The topic of contraception has always been a bone of contention among medical circles – the risks attached to combined hormonal contraceptives (CHCs) are constantly pitted against their veteran status as one of the most effective forms of contraception going.
But a rash of recent media reports highlighting the dangers of using CHCs has breathed a new lease of life into the debate, bringing it to the forefront of public attention, and prompting new reports by medical regulatory groups concerning its safety.
We get a doctor's perspective on the debate, focusing our discussion on the combined contraceptive pill, contraceptive patch and vaginal ring.
Risks associated with prescribing contraception
Media attention has focused in particular on the risk of developing venous throboembolisms (blood clots) which is highest during the first three months of taking a CHC. Blood clots most commonly develop in the deep veins of the leg, although they can be carried to the lungs and heart with fatal consequences.
For a digital healthcare pioneer like LloydsPharmacy Online Doctor, the risks associated with contraception pose some clear obstacles to a vision of healthcare grounded in patient proactivity and responsibility.
We have to ask ourselves whether a move away from paternalistic healthcare is possible in the case of contraception. Are CHCs too risky to prescribe online? Has high profile media attention merely blown the risks associated with contraception out of medical proportion? How can online doctors rely on patients to accurately and honestly self-report on important medical indicators necessary for prescribing contraception?
The online contraception service provided by LloydsPharmacy Online Doctor has been able to safely prescribe contraception to approximately 37,000 women each year – over the course of seven years – without any report of serious incidents. However, as Dr Gigi Taguri points out, ‘the interests of patient safety must always be the priority of any healthcare provider.’
Online medicine is increasing and our doctors have been looking at ways of making our service even safer. As the scope and popularity of digital healthcare continues to grow, online medical providers need think long and hard about how to ensure the safest possible experience for their patients.
Making prescribing contraception online safer
This clinical concern has led to a positive development in our online contraceptive service, making it even safer whilst retaining its overall convenience for patients.
As of August 2015, all forms of medication using synthetic oestrogen and progesterone – including CHCs and Period Delay medication – prescribed by our doctors require in-store collection at a Lloyds Pharmacy. Upon collection, patients will have their blood pressure, height, and weight checked for free by a pharmacist before medication can be dispensed, to ensure accurate and safe readings.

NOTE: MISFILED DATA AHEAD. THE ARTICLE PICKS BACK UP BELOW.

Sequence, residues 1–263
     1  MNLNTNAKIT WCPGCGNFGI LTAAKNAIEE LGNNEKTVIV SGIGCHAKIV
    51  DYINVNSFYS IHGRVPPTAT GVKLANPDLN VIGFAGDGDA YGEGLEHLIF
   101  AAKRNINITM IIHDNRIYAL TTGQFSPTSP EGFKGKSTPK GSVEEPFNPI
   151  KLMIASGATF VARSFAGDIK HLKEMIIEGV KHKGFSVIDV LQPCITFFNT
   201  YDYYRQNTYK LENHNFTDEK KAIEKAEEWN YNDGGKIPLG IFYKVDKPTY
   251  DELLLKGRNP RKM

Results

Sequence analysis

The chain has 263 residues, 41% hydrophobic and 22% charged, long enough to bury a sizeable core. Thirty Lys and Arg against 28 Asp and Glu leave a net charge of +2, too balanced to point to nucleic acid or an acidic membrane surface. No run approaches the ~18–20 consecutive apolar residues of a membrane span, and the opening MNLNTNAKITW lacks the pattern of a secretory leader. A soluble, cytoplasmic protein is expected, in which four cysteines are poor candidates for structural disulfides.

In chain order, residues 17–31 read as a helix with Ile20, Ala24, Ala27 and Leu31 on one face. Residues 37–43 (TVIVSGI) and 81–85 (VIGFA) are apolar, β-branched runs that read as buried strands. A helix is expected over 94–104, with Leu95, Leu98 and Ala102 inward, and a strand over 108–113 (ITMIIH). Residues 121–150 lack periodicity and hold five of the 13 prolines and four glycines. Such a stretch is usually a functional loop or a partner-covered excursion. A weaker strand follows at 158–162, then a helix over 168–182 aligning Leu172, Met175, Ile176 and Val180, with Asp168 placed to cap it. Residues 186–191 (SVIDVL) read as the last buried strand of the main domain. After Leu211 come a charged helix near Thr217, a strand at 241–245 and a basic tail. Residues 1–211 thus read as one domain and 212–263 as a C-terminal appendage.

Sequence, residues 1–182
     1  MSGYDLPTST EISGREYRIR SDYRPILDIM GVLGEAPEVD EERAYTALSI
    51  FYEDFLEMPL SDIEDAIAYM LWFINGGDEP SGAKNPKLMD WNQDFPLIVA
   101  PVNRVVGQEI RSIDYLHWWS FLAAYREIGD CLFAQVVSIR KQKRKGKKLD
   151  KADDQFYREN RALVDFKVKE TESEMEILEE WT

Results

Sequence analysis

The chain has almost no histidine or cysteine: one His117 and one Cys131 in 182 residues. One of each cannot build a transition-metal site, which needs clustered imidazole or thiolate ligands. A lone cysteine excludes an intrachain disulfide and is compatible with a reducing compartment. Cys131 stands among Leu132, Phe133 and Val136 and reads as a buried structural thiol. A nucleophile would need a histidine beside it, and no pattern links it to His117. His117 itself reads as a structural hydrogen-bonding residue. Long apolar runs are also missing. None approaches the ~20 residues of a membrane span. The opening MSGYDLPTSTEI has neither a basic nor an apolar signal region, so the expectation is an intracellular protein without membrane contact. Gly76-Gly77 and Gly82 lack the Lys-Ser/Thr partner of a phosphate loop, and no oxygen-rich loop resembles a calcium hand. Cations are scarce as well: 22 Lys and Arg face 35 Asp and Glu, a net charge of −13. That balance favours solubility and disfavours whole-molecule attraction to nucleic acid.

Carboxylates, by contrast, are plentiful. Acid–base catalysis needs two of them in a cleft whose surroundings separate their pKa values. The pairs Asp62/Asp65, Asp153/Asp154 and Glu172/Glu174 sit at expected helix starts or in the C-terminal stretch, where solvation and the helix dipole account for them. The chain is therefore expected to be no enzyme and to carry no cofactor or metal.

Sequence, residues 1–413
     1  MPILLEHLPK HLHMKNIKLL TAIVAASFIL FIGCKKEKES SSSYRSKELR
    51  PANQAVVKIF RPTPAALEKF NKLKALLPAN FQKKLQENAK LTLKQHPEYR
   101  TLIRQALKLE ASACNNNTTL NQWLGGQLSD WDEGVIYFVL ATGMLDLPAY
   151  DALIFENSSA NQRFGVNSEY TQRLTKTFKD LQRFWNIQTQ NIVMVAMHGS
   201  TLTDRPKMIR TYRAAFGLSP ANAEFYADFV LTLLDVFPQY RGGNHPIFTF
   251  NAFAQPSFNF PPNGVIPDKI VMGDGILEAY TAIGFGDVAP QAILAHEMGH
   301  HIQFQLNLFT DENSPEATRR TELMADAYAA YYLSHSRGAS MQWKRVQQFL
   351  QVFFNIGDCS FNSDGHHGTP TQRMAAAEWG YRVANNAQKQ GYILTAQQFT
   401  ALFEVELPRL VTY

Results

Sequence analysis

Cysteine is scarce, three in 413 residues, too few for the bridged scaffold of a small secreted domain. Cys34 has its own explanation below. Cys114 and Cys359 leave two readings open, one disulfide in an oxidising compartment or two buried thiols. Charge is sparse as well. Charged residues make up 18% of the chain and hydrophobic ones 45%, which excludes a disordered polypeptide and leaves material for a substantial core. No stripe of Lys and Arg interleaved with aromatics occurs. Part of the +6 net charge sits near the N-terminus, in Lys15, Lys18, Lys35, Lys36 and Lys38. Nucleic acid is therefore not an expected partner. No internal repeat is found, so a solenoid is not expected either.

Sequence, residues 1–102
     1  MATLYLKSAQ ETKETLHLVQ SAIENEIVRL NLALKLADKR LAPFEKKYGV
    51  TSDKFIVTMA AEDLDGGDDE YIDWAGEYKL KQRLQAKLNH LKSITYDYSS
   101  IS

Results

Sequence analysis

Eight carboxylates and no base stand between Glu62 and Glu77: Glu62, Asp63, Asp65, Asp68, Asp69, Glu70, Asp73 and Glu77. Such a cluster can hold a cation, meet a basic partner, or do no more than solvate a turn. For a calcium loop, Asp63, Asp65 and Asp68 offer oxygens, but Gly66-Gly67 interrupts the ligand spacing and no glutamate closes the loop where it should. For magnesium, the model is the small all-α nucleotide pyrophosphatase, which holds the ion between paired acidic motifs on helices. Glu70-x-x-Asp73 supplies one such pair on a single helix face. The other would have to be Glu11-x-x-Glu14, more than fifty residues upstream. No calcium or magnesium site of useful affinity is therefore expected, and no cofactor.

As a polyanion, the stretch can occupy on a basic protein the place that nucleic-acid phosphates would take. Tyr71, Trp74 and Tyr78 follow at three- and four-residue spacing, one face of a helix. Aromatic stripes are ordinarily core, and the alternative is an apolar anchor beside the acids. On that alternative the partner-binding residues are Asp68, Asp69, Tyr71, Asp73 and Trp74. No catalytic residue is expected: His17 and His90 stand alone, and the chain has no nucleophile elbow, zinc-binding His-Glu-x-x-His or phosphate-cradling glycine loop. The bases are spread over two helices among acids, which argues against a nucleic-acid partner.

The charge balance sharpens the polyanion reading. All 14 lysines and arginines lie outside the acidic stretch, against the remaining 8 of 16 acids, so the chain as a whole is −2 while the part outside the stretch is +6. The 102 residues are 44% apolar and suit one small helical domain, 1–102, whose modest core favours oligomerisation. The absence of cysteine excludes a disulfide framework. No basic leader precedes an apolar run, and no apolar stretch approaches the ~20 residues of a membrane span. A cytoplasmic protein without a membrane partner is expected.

As per medical guidelines, these readings will remain valid for a period of up to 12 months, in which time a patient will be able to request a repeat prescription of the same pill without requiring tests.
Our doctors also stipulate in-store collection and checks for new starters who have completed a 3-month course and would like to move on to a longer course, as well as for anyone changing to a different contraceptive pill.
The key push behind this initiative lies with the risks involved in accurately reporting important quantitative risk indicators – particularly blood pressure.
Our doctors are concerned that many people do not know their blood pressure, height or weight and by the associated risks of patients reporting inaccurate readings.
‘These hormone-based medications do increase blood pressure in a small number of women which can increase the long-term risk of stroke, kidney damage, heart problems and blindness’, explained Dr Taguri, ‘and that’s something that really needs to be emphasised.’ Without having an accurate reading of a patient’s height, weight and blood pressure, their relative risk of developing a blood clot or heart failure through CHCs use cannot be safely concluded.
But with the number of blood pressure monitors on the market, why can’t patients simply send in an image or their readings to our doctors?
Unfortunately, the level of machine and user error here are too great for this to be a reliable measure. Proper medical training is required to use a medical-standard blood pressure monitor, and these machines also need to be calibrated regularly to ensure accurate results.
Having trained staff to administer the checks provides our doctors with the medical and operational assurance they need that test results will be accurate.
Importantly, in-store checks also act as a safeguard against fabrication of key health indicators. Dr Taguri explained, ‘we have to accept the reality that some patients knowingly sending us inaccurate readings – this is usually quite obvious when they try and order from us multiple times.’